We have come too far, the concept is too distilled in our souls to now have an exorcism. We simply have to accept that we aren’t unique geniuses. Maybe, a moderate, uneventful life will be all that we ever get. Maybe, we will never be anyone’s first choice, but there are great benefits to being an average that must not be discounted. To begin with, if you’re mediocre, most people can relate to you. Sure, a genius is looked up to, but up there he’s all alone. A great example of this is the film Green Book, based on a trip taken to the south of the Mason-Dixon Line by Don Shirley, a famous black classical pianist.

In a remarkable scene, Mahershala Ali who plays Don Shirley says to his valet, Tony Lip, “Yes, I live in a castle, Tony. Alone! And rich people pay me to play piano for them because it makes them feel cultured, but as soon I step off that step, I go back to being just another n**** to them. Because that is their true culture. But I suffer that slight alone because I am not like by my own people ‘cause I am not like them either.” This is a classic example of the kind of isolation a genius feels and it is common people like Tony Lip, the classic mediocre who lives a more fulfilled life, which is not to say that being a genius is bad and you should avoid it all costs (but if you were one you probably wouldn’t be reading this article right now). Taking a bit more from the example of *Green Book, Tony Lip lived a life of equilibrium, where he earned sufficiently, had the love of his friends and family, and was well received by the people around him. That kept him happy. At the end of the day, we cannot deny our most basic urge of socialising and wanting to be loved. Being a genius, more often than not, creates a distance between the admirer and the admired. As a mediocre, it is easier to strike a balance in life and to keep a clear and simple vision of it, something most geniuses struggle with. Leaf through the pages of history, and you’ll see that the most revered personalities also suffered the most through their lifetime. Your name living on, hundreds of years after your death, might sound like a golden prospect but what is the point, if your life has been nothing but suffering and despair? Look at it from a different angle, as a genius, you could have been the next Hitler. Hitler was an extremist with strong beliefs and it doesn’t matter if we agree to it or not, he was a genius; a genius too caught up in his own ideas.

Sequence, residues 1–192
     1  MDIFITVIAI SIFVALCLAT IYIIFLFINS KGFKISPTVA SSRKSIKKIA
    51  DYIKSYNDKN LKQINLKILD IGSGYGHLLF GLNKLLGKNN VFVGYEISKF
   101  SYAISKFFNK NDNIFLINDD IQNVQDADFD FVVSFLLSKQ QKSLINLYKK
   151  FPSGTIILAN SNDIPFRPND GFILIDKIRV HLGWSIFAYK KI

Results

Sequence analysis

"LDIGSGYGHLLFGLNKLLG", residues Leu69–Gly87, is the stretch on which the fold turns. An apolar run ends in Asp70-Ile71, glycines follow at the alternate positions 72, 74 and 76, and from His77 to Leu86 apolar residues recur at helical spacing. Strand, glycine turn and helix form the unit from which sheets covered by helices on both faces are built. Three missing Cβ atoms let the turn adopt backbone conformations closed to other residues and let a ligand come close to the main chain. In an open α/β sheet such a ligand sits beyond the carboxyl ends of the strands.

The complaisant man

In conclusion, it is not easy to be a genius, but it also isn’t easy to be mediocre. A genius progresses in life and eventually finds meaninglessness. We, on the other hand, are mostly stagnant, and have to generate and believe in meanings to live by. We need to be ignorant, sometimes knowingly, to our conditions because being aware is not of much help. The genius, however, gets to be enlightened. He is a Sisyphus, aware of the futility of his actions, yet forced to carry the burden of changing the course of history. Whenever history is reshaped, by a single force, there live people who partake in that change and, in a way, make that change possible. They are the average Joes, the mediocres.

I take no shame in being a mediocre. Unlike a genius, being average requires denying a lot of our basic wants as curious beings and I am willing to trade those curiosities for a more fulfilled life. In the end, we’re all ignorant, what matters is how you exercise your ignorance to live more pleasantly. Just as the world needs the greats, it needs the averages. So, do not fret about not having a personal worth, because you do. Life is not short, as some say, it’s long enough to fill our lives with misery. It is, however, not in the pursuit of excellence but in the pursuit of absolute happiness, which albeit unattainable, that we can find liberation.

The Pangean does not condemn or condone any of the views of its contributors. It only gives them the space to think and write without hindrance.